- I had kids store everything else in their cubby. Each morning they brought their name tag and pencil box to the desk they chose.
Comfy Spots and Tables
- I decided to use my comfy spots and my tables as part of our center rotations for both reading and math. It worked beautifully! It allowed students to have choice in a structured way. I am a one to one classroom. Each of my students have an iPad. Therefore, the comfy spots were where kids went during their technology rotation. The table spots became where the kids went for their partner work rotation. During independent work the students sat in the regular desks. I have never loved set rotations, until this year! The noise from partner work was spread out because my tables were spread out. Kids got to experience the comfy spots at least twice a day. The kids were happier and more engaged.
- Students could choose a table spot as their “spot” for the day. However, I did not have kids come in and just sit at a couch all day. I still can’t wrap my head around that.
The Mishaps that Did Drive Me Crazy (on the first day of school)!
- I know you may find this hard to believe, but my most rambunctious boys all managed to sit at my low table on the first day. It was like a moth to a flame. Oh, the fun they had! Rolling under the table, hitting each other with the pillows that were meant for sitting on, using the shared supplies on the table for sword fights, all while I was trying to greet new students who were walking into class and trying to prevent tears. I will let you decide whose tears I was trying to prevent.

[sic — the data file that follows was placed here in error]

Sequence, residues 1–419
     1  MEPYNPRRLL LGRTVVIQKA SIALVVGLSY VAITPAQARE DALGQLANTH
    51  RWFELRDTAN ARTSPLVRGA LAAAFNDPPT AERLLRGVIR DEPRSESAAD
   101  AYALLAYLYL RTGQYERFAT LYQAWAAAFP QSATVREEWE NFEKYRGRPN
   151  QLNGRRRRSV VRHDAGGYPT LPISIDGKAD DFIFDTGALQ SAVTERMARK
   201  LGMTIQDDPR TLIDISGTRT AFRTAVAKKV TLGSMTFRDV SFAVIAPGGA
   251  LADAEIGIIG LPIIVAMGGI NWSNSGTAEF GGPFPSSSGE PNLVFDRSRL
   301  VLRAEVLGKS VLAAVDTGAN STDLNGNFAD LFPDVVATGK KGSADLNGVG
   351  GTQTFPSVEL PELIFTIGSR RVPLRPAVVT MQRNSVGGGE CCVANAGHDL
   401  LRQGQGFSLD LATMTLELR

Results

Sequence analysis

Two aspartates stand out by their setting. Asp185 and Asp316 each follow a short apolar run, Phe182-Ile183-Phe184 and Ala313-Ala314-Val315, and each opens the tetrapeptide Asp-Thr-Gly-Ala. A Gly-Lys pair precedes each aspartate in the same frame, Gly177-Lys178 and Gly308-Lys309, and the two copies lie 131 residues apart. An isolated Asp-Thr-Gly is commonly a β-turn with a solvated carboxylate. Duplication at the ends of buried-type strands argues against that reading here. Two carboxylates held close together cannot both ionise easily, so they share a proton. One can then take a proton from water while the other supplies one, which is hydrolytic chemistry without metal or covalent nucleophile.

- Pencil Box Insanity- Each time I started to give new directions, I had kids digging through their pencil boxes and checking out their new supplies. There was no, “out of sight, out of mind.” The supplies were definitely on their mind because they were sitting right in front of them.
- The stomping of the pillows…oh the horror! You think to tell kids to push in their chairs. I did not think about teaching kids to push in the pillows they were sitting on. The first time we transitioned, I watched all my brand new pillows get shoe prints from each child that walked by.